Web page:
Award-Winning Journalist Yamiche Alcindor Named PBS NewsHour White House Correspondent

Washington, DC (November 30, 2017) – PBS NewsHour, anchored by managing editor Judy Woodruff, today named New York Times national political reporter Yamiche Alcindor the nightly news broadcast’s White House Correspondent. Alcindor joined the Times in 2015, where she covered the presidential campaigns of then-Republican candidate Donald J. Trump and Senator Bernie Sanders. She will join NewsHour on Tuesday, January 16, 2018. Correspondent John Yang, who has covered the Trump Administration since Inauguration Day 2017 as well as Secretary Hillary Clinton’s campaign for president in 2016 for NewsHour, has been named the broadcast’s new national correspondent.

“I’m thrilled to join PBS NewsHour in this new role covering President Trump and his impact on our nation,” said Alcindor. “The show throughout its history and during this current administration has produced stellar work that connects federal policy and politics with everyday people’s lives.”

Sara Just, PBS NewsHour executive producer, added, “I am delighted to have Yamiche Alcindor joining our team. She is a first-class reporter whose doggedness and curiosity perfectly match the NewsHour.”

In her new role at NewsHour, Alcindor will continue to serve as a political contributor for NBC News and MSNBC.

Alcindor currently covers Congress, the impact of the Trump Administration’s policies on working class Americans and people of color, and the intersection of race and politics in America. She was previously a national breaking news reporter for USA Today where she reported on the Newtown, Conn. school shooting, the death of Trayvon Martin, and police related protests in Ferguson, Mo. and Baltimore, Md.

“I’ve read and watched Yamiche’s reporting with admiration and have been struck with how she combines an eye for detail, crisp writing and passion for the craft with a gift for communicating on air,” said Woodruff. “I’m excited to have her join us on this critical beat.”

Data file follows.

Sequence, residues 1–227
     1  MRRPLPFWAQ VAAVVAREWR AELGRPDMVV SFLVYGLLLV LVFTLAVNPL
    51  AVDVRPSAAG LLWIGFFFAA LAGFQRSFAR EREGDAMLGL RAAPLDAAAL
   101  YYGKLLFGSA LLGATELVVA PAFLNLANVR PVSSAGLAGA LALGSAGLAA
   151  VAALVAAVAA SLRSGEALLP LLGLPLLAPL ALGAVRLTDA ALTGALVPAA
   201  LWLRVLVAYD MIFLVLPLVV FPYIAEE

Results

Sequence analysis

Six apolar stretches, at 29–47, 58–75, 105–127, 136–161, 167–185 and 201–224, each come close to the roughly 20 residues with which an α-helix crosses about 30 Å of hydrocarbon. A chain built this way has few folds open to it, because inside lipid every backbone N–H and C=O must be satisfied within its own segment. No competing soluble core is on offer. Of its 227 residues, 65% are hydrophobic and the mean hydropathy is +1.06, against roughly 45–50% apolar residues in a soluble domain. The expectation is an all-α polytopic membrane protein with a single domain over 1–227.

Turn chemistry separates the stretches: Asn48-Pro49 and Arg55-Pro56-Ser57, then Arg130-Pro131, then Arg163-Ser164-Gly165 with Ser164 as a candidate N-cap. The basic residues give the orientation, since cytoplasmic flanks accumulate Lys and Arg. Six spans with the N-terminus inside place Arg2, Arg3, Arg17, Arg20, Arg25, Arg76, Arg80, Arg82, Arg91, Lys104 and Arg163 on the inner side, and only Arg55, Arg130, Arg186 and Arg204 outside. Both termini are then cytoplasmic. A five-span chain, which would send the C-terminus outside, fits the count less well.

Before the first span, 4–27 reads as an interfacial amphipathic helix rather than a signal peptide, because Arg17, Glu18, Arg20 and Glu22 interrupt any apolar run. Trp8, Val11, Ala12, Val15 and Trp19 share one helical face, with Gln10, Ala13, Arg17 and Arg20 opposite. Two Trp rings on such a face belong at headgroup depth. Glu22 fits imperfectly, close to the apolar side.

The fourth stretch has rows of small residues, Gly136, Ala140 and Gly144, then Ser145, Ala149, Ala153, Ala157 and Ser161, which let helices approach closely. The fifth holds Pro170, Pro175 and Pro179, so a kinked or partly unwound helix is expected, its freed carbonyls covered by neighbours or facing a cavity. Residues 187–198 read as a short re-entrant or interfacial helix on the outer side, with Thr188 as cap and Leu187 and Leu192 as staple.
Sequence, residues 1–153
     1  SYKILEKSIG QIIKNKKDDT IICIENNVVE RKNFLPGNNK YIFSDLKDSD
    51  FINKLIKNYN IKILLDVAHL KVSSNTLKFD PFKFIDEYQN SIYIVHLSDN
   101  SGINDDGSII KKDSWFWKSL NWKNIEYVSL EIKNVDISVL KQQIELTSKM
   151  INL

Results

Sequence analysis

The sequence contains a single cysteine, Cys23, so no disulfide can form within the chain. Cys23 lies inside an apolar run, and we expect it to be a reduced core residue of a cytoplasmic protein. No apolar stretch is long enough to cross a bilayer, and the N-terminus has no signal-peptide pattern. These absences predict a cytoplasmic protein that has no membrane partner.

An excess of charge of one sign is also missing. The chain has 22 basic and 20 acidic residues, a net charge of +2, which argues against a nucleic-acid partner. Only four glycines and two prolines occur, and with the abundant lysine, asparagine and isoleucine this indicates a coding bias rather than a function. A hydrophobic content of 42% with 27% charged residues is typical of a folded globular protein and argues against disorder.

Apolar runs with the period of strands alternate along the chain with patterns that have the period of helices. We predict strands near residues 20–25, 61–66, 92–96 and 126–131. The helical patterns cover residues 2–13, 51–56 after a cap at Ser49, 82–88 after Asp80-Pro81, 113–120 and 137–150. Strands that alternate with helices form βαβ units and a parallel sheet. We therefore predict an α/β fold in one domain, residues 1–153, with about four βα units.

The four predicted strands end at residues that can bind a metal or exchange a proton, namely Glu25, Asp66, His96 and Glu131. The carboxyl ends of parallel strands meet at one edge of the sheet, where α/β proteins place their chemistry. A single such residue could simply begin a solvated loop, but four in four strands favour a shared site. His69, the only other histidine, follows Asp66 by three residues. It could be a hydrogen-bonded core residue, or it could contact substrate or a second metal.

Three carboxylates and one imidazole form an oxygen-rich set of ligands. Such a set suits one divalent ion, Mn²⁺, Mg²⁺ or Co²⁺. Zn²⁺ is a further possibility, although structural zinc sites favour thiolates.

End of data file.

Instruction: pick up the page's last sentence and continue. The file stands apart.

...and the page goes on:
In March 2017, Alcindor – who described the late PBS NewsHour co-anchor and managing editor Gwen Ifill as one of her mentors – was presented an award in Ifill’s memory at the Toner Prize. Earlier this year, she was also named to The Root’s annual list of the most influential African Americans in the country and to The 1804 List, an award named in honor of Haiti’s year of independence that recognizes influential Haitian-American leaders. In 2013, she was named the National Association of Black Journalists Emerging Journalist of the Year.

Alcindor earned a master’s degree in broadcast news and documentary filmmaking from New York University and a bachelor’s degree in English, government and African American studies from Georgetown University.

Alcindor is represented by WME and attorney Kathleen Conkey.

About the PBS NewsHour

PBS NewsHour is seen by over four million weekly viewers and is also available online, via public radio in select markets, and via podcast. PBS NewsHour is a production of NewsHour Productions LLC, a wholly-owned non-profit subsidiary of WETA Washington, D.C., in association with WNET in New York. Major funding for PBS NewsHour is provided by the Corporation for Public Broadcasting, PBS and public television viewers. Major corporate funding is provided by BNSF, with additional support from Alfred P. Sloan Foundation, Carnegie Corporation of New York, the J. Paul Getty Trust, the S.D. Bechtel, Jr. Foundation, the John D. and Catherine T. MacArthur Foundation, the Lemelson Foundation, National Science Foundation, the William and Flora Hewlett Foundation, Ford Foundation, Skoll Foundation, the Gordon and Betty Moore Foundation, Friends of the NewsHour and others. More information on PBS NewsHour is available at On social media, visit NewsHour on Facebook or follow @NewsHour on Twitter.

About WETA Washington, D.C.

WETA Washington, D.C., is one of the largest producing stations of new content for public television in the United States. Other WETA productions and co-productions include “PBS NewsHour,” “Washington Week,” “The Kennedy Center Mark Twain Prize,” “The Library of Congress Gershwin Prize for Popular Song” and documentaries by filmmaker Ken Burns and scholar Henry Louis Gates, Jr. Sharon Percy Rockefeller is president and CEO. The WETA studios and administrative offices are located in Arlington, Virginia. More information on WETA and its programs and services is available at

Media Contact: Nick Massella